Many community colleges also offer honors programs, in which “students can truly develop their own abilities, examine new ideas, and explore their world,” while saving money and living close to home, writes the National Collegiate Honors Council on its website.


# You have fewer academic resources and less coursework

The academic and career resources that other public and private institutions often provide might not be available to as great an extent at a community college, and these schools usually have less coursework and less rigorous classes, Dowd said.

Moreover, students at a community college will often find that guidance counselors serve many other students — sometimes at a ratio of 1,000 students per counselor. This means that students might have less of a chance to meet with a supervisor who can direct them with academic decisions.

“If a student can go directly to a four-year institution and that institution offers them the kind of courses they’re interested in, it’s better to go to a four-year institution because they typically have more resources,” Dowd said. “A student will have more opportunities in the academic pathways available to them.”

# If you continue your studies, you’ll have to transfer

After completing community college, you’ll need to adjust to college life for a second time if you choose to continue your education and earn your bachelor’s degree.

Dowd clarified that it takes many students more than two years to earn an associate degree at a community college, just as it often takes students more than four years to receive a bachelor’s degree.

Additionally, in a national survey, 60 percent of students who transferred from community college ultimately earned a bachelor’s degree within six years of their transfer. That being said, 72 percent of those students who graduated with a bachelor’s degree had formerly earned a certificate or associate degree at their community colleges, whereas 56 percent of those who earned a bachelor’s degree did not.

In general, Dowd said, those who choose not to pursue a bachelor’s degree after graduating from community college receive jobs that offer lower pay, although that isn’t always the case. Still, according to Dowd, an associate degree signals to an employer a shorter duration of study — that is, around 60 course credits rather than 120.

# Some credits aren’t transferable

Many community colleges require students to take placement tests to ensure they are taking the right courses, according to the College Board, which also says that entering students often have a variety of different skill levels.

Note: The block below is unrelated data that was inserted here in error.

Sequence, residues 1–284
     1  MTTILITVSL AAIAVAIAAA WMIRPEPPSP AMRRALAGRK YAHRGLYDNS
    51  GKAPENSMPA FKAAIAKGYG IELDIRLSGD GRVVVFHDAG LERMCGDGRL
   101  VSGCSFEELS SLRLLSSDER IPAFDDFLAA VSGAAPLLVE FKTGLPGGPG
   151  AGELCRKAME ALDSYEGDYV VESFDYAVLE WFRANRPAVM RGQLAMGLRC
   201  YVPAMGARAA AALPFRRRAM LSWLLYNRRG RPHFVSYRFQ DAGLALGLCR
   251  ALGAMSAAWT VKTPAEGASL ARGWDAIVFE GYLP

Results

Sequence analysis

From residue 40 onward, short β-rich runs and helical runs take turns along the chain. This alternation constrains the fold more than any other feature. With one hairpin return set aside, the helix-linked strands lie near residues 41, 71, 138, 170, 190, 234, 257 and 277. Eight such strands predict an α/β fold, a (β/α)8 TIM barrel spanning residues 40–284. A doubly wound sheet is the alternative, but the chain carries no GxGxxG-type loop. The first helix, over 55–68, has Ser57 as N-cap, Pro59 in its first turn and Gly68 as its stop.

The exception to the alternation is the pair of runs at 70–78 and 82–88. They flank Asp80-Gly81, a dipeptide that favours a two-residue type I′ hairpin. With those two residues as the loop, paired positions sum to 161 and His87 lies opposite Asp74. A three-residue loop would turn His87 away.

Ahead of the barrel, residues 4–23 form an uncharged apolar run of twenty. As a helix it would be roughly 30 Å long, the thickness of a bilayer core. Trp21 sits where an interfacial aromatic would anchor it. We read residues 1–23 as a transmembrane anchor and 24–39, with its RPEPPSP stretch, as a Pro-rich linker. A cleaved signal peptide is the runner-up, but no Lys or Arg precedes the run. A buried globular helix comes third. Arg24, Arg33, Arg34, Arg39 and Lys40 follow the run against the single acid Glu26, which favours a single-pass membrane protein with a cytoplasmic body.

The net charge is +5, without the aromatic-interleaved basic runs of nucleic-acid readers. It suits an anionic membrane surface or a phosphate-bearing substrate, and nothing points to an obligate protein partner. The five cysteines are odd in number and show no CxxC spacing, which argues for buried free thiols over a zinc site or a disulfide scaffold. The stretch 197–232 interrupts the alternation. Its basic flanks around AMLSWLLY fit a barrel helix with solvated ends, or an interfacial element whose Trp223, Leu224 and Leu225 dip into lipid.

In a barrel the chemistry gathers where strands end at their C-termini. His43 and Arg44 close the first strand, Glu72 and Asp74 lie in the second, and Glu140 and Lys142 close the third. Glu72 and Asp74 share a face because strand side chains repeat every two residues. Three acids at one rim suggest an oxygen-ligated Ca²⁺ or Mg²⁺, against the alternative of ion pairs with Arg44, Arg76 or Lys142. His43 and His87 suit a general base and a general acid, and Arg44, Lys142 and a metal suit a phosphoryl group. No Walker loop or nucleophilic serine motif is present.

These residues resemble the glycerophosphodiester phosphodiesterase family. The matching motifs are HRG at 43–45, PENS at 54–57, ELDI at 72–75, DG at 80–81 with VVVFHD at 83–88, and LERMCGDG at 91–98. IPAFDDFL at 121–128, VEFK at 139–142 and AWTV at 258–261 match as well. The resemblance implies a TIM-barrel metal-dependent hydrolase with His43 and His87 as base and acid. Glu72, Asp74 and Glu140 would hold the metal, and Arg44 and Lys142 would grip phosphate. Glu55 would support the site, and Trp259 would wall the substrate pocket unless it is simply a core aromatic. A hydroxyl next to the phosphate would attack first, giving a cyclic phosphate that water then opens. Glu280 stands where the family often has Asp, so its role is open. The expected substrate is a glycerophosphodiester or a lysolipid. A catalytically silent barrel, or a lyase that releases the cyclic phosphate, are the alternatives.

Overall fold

A placement test may cause students to be placed in basic skills or remedial courses that don’t give college credit and therefore won’t be transferable to another public or private college or university, Dowd said. She emphasized that it’s essential to prepare for these assessment tests and take them seriously.

“If you take it and get placed in basic skills classwork that doesn’t give credit, you run a very, very high risk of not receiving your degree,” Dowd said.

Completion is another issue. Many students take out loans without completing their degree, and with less guidance, they may not know which credits are transferable to another institution. This situation can result in students repeating courses at a 4-year college, contributing to more semesters in school. Resources like CollegeTransfer.Net are available for these types of situations.


2014 Fact Sheet. (2014, January 1). Retrieved July 10, 2014, from American Association of Community Colleges

Community College Student Success: The Role of Motivation and Self-Empowerment. Community College Review, 42. Retrieved July 12, 2014, from the EBSCOhost database.

Dowd, A. C. (Forthcoming, Fall 2014). Community college finances. In D.J. Brewer and L.O. Picus (Eds.), Encyclopedia of Education Economics and Finance. Thousand Oaks: SAGE Publications.

Honors Programs at 2-Year Colleges. (2014). National Collegiate Honors Council. Retrieved July 27, 2014, from National Collegiate Honors Council

Marcus, J. (2013, August 6). New figures suggest community college grad rates higher than thought. Hechinger Report. Retrieved July 15, 2014 from Hechinger Report

Marcus, J. (2014, April 10). Community colleges increasingly adding bachelor’s degrees. Hechinger Report. Retrieved July 10, 2014, from Hechinger Report

What are college placement tests? (n.d.). Retrieved July 13, 2014, from The College Board